How to Care for Mint Plants: Harvesting and Storage

How to Care for Mint Plants Harvesting and Storage
How to Care for Mint Plants Harvesting and Storage

How to care for mint plants and harvest and store them? This article explains.

Mint is a perennial herb loved by gardeners for its ease of cultivation, by cosmetologists and alternative medicine therapists for its useful soups, and by chefs for its unique aroma and the decoration of a large number of dishes.

The plant has been widely used since ancient Roman times and is no less popular in its current location. Even for beginners, the growing mint at home and in the garden is a feasible task.


Mint care includes loosening the soil, mounding, watering (as needed), and weeding for weeds. Plant feeding is done in early spring.

Strong pruning is recommended in order to obtain more green rind for spring growth: mint will clump better.

To protect from frost, in autumn the ridges are covered with a loose layer of land or with branches of spruce, straw, dried leaves, twigs of spruce, or fertilizer.

Mint plantings should be renewed every 3-4 years, as they do not resist weeds well and shed them quickly.

Care of the plant changes slightly during the winter months and great care should be taken when watering, which is when the process of filling the stems and leaves with sap and essential oils takes place in the greenery of the plants.

The growth of the plants slows down and the fragrance is not as pronounced as in summer. Air currents are harmful to the plants and should be avoided.

Therefore, let us now summarize and outline all the measures to take care of mint.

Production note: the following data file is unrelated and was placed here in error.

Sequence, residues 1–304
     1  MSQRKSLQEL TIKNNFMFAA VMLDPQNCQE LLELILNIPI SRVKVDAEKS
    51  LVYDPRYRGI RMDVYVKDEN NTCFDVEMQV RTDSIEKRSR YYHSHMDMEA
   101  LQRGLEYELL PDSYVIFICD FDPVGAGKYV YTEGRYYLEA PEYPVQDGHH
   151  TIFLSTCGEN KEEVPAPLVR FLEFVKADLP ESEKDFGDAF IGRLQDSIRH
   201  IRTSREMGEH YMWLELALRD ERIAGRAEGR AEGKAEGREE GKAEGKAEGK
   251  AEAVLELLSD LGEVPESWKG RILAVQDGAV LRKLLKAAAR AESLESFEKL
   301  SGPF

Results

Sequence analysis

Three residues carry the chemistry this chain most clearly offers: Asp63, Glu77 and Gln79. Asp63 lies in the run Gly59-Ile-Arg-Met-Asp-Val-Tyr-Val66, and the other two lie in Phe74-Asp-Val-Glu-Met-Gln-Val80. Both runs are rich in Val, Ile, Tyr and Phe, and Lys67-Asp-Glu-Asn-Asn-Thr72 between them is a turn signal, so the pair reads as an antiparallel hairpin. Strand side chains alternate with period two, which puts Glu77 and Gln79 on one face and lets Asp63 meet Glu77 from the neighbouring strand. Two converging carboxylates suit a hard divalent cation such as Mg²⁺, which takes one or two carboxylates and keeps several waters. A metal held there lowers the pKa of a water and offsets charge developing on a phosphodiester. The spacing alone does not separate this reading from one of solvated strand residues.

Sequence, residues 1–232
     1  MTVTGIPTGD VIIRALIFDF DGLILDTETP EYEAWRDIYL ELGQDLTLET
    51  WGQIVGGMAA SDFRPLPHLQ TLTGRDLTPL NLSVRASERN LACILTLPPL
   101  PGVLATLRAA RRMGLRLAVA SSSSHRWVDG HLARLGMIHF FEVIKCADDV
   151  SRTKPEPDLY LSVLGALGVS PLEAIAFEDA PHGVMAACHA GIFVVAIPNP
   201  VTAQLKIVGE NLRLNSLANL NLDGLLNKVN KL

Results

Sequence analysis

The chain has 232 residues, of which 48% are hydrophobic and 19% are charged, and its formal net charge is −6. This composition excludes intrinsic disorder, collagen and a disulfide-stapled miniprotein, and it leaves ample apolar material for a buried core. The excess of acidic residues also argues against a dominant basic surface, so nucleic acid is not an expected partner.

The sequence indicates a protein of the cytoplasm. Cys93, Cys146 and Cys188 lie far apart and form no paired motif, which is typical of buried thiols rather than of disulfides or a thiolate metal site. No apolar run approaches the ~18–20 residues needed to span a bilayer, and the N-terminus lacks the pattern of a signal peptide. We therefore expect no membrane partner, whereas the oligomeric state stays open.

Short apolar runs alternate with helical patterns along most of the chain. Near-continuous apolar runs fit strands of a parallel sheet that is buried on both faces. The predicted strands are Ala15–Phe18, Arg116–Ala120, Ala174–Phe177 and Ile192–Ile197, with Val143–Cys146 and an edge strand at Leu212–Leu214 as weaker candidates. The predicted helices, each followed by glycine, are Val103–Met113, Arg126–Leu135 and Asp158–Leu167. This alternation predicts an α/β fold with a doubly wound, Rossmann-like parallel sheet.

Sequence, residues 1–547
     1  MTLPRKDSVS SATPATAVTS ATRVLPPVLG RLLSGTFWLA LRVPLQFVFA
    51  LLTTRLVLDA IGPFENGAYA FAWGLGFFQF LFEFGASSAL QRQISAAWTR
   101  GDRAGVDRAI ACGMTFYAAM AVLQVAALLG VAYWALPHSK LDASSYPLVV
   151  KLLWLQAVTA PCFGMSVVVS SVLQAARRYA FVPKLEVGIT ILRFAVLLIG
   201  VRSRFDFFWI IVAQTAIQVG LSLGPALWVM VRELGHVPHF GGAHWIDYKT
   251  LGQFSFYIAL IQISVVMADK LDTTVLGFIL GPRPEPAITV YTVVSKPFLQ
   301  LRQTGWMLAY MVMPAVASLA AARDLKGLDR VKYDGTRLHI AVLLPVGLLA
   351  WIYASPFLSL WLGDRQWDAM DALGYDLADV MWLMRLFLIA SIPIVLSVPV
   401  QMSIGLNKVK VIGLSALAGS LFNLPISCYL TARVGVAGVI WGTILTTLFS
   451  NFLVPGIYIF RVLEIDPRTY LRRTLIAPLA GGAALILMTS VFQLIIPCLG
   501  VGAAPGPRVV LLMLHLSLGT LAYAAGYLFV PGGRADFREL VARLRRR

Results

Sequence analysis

Watering: It is impossible to let it dry out, but you should not fill it with water either.
Cleaning: regularly remove dust and let the plant breathe. Fertilize. In summer, we feed 1-2 grams per liter of water once; in winter, no feeding is needed.
Light: There is enough light in summer, but from October to March, it is necessary to increase the sunlight hours of the plants to 12 hours.
Sunlight: direct light destroys the leaves, we place the plants in a slightly shaded area.
Temperature: Mint cold is unacceptable, the required temperature is 20-23 degrees. In summer, we put it on the balcony, in winter, we put it on the windowsill.

Harvesting mint plants
Harvesting mint plants


Mint plants are unpretentious and do not require special personal care. But for mint home care, each season is different.

In summer, care for mint is hardly different from country mint, which grows well on the balcony or windowsill and can be soaked in the sun.

The pot must always have water in it to prevent the plant from drying out and the appearance of diseases (aphids or mites). Extra care should sometimes be taken and the leaves should be sprayed to keep them fresh and resistant to drought.

Water the mint at night. Water the mint frequently with plenty of water until it grows true leaves. Then as the soil dries out, reduce the amount of watering to what is necessary.

After watering, loosen the soil by hand and remove weeds. Mint does not require frequent fertilization. A mulch of peat or compost mixed with ashes once a season is sufficient.

Among the diseases of mint, the common ones are fungal diseases. Septoria, anthracnose, and Verticillium wilt are characterized by spots on the leaves and lesions with orange soft mats on the underside of the leaves, and powdery mildew you will recognize by the white patches on the buds and leaves.

Diseases are caused by improper care and crop rotation. These diseases are treated by treating the mint with a chemical solution.

A dangerous disease is mint overgrowth. The plants stop developing and cannot be treated, the green belt should be destroyed and the remaining plants should be moved to another location.

Pick mint during flowering, when it accumulates the most useful essential oils. Carefully pick the shoots to allow the mint to flower a second time.

Plant root crops (turnips, beet, carrots, potatoes) after the mint.